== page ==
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Wyndham, Sir William

Wyndham, Sir William (c.1688–1740). Politician. Wyndham owed his position as a leader of the Tories in the Walpole period to three things—his standing as a well-connected Somerset baronet, his oratorical and debating ability, and the fact that he was one of the few remaining Tories who had any experience of office. He succeeded his father at the age of 7 and entered Parliament at 21 at a by-election in Somerset in 1710, just before the great Tory victory at the general election. Pushed by Bolingbroke, he was made master of the buckhounds 1711–12, secretary at war 1712–13, and chancellor of the Exchequer in 1713. He was dismissed at once by George I in 1714 and after Bolingbroke fled to France in 1715 planned a Jacobite rising. Arrested in bed, he spent some months in the Tower, but was released through the influence of his father-in-law, the duke of Somerset. Thereafter Wyndham gradually loosened his Jacobite ties and protested himself a Hanoverian Tory. He worked closely with Bolingbroke and Pulteney in the opposition to Walpole but his early death prevented him from profiting from Walpole's fall, and left his colleagues lamenting his lost leadership.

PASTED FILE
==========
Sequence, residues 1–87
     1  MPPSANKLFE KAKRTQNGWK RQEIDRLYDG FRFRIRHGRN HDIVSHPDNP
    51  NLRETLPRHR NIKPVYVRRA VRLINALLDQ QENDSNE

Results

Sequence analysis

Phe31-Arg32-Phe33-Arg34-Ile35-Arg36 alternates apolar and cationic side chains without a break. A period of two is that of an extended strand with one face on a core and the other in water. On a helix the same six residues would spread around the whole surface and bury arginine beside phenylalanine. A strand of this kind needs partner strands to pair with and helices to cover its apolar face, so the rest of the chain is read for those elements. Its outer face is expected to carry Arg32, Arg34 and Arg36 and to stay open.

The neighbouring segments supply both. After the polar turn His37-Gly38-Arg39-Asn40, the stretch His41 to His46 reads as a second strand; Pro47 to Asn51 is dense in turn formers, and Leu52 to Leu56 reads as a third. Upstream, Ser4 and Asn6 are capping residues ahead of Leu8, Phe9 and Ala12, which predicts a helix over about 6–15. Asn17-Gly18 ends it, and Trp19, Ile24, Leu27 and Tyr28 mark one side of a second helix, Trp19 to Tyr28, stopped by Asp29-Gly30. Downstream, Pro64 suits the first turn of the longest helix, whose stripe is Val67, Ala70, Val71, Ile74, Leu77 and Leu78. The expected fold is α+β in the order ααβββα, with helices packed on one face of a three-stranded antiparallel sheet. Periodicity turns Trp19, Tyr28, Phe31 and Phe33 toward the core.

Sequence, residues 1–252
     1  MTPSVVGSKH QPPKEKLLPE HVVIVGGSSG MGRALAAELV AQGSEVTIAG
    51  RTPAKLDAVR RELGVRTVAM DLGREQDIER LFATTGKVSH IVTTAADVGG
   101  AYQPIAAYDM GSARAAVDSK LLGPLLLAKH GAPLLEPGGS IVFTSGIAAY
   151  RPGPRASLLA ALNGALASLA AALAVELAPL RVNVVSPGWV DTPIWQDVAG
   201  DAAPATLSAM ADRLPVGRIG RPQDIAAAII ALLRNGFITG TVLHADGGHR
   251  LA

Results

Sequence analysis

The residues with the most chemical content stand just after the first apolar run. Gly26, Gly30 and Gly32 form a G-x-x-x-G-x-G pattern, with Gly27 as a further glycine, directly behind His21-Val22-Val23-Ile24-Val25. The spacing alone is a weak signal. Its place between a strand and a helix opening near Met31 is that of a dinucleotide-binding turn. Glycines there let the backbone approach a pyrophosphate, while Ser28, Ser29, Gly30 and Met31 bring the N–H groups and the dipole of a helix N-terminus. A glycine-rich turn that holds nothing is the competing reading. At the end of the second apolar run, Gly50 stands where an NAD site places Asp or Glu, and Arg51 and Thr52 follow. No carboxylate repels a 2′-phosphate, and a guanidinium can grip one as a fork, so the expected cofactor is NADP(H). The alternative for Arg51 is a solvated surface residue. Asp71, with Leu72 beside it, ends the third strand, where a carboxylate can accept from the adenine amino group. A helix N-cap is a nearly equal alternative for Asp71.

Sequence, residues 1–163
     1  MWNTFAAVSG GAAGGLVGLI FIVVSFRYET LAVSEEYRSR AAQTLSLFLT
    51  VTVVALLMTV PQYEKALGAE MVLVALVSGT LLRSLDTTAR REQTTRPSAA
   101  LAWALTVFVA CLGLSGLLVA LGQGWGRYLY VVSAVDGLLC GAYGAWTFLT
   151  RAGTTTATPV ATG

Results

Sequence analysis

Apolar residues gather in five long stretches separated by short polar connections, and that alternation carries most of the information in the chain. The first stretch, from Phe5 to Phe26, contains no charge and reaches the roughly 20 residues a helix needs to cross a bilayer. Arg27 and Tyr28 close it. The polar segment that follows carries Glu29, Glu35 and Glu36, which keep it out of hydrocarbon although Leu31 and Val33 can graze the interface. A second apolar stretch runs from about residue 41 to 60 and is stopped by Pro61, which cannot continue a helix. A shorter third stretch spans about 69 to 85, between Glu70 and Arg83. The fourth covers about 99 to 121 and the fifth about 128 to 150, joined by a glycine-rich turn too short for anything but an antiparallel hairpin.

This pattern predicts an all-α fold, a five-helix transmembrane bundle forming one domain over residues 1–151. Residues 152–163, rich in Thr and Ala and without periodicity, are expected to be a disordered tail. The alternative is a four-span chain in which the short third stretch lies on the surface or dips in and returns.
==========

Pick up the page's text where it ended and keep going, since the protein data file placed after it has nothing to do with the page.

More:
J. A. Cannon

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